In the 18th century, the talented Joseph Fauchier made the southern French port city of Marseilles one of the capitals of faience or earthenware form pieces like this pair of ducks, perched on their bases.
Marseilles, 18th century. Pair of duck-shaped lidded terrine dishes on oval bases with scalloped edges, with polychrome decoration, Fauchier factory, 34 x 23 cm/13.4 x 9 in.
Reflecting the zeitgeist, the credo of European faience makers during a highly imaginative 18th century involved introducing nature into interiors through depictions of guests from the countryside... Starting in the 1730s, they provided customers with a range of utilitarian objects shaped like wild boars' heads, crouching hares and entire chickens and turkeys. Among these naturalistic figures acting as tureens or terrine dishes on the grandest tables, the duck was particularly prominent. Some French companies specialized in it, like the factory of Paul Hannong (1700-1760) in Strasbourg, whose large service made in 1751 for the Elector of Cologne, Clemens August, and consisting mainly of form pieces, was an outstanding example of the genre.
At the same time, Marseilles established itself as the other capital of faience duck production. The modelers of the famous Veuve Perrin factory seized the chance to make original three-legged sauce boats with duck's head handles. But the true master of the Marseilles duck was Joseph Fauchier (1687-1751), whose workshops produced this pair of lidded terrine dishes on oval bases with scalloped edges. This set, fired at a high temperature, is spectacular in terms of both coloring—a delightful combination of pale greens and browns with bright yellow—and the sense of realism conveyed by the half-open beaks and ruffled tail feathers.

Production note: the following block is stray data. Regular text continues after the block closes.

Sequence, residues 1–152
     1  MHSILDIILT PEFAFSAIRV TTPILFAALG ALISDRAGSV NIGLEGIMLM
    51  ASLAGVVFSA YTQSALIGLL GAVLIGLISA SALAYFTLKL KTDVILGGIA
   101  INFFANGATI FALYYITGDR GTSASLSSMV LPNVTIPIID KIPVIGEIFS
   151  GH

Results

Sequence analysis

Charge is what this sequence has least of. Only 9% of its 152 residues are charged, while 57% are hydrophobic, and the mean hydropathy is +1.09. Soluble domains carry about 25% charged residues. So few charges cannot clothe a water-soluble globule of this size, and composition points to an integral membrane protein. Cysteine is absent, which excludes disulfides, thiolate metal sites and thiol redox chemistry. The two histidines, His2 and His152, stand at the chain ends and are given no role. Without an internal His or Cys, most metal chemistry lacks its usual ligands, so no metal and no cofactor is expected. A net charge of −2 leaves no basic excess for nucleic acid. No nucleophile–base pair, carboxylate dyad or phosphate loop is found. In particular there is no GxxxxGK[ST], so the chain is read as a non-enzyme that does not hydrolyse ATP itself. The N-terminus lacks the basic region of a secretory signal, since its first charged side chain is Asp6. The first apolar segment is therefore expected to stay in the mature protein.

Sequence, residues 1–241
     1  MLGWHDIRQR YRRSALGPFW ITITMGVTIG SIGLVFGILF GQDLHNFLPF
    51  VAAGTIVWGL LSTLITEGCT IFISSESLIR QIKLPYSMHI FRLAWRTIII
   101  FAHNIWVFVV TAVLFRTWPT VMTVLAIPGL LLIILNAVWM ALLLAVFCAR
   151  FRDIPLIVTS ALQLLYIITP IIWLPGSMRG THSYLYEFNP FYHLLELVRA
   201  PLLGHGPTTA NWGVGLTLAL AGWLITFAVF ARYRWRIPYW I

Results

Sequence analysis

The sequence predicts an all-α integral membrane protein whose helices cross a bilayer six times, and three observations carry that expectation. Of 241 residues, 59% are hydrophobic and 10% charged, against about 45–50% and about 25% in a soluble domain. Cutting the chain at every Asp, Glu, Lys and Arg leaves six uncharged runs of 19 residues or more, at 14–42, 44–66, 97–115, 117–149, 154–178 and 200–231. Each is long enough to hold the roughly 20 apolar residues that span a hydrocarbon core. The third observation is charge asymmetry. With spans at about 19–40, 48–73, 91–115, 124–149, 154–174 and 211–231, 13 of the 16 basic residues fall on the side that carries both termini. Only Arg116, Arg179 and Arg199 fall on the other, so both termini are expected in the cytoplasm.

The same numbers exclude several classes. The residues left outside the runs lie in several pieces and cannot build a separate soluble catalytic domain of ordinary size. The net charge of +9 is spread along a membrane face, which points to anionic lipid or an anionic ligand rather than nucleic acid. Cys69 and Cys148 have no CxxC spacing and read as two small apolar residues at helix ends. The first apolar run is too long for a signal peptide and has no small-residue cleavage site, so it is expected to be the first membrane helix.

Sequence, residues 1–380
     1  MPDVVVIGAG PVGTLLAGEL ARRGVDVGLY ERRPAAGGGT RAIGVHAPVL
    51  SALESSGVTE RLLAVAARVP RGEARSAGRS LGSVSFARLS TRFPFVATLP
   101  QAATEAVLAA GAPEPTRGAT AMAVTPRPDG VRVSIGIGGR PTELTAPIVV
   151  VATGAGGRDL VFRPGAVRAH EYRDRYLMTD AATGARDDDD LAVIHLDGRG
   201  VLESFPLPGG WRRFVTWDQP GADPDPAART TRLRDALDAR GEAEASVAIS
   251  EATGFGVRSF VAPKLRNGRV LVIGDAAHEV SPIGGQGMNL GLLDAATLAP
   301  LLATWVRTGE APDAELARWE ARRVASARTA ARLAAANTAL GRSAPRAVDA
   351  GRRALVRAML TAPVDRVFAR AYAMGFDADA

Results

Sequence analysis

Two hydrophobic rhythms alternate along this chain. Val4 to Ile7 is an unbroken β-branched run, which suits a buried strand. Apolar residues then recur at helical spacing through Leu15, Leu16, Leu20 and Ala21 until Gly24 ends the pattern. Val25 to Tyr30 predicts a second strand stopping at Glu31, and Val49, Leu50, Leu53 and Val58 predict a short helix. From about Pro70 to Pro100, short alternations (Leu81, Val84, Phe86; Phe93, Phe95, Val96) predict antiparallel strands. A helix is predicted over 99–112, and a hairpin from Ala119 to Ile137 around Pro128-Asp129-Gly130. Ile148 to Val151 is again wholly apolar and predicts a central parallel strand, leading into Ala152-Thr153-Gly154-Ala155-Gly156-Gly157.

Born in Peyruis in Alpes-de-Haute-Provence, Fauchier created his own company in 1730 in Marseilles, after managing the factory of Madeleine Héraud and Louis Leroy. Within a few years, his factory in Place du Pentagone became one of the most important in Marseilles. The entrepreneur first used "à la Berain" decoration, then moved towards more Rococo polychrome landscapes in the style of Moustiers or China. However, his reputation was established by his form pieces and small statuary with their yellowish clay and brilliant glazes, and perpetuated by his nephew—also named Joseph—who took over in 1751. Nowadays, only a few of their ducks have survived. Two are now in museums in the South of France: in Marseilles, at the Musée des Arts Décoratifs, de la Faïence et de la Mode (housed in the Château Borély), and in Narbonne, in the Musée des Beaux-arts. This suggests that there will be a fierce battle to carry off these enchanting web-footed creatures.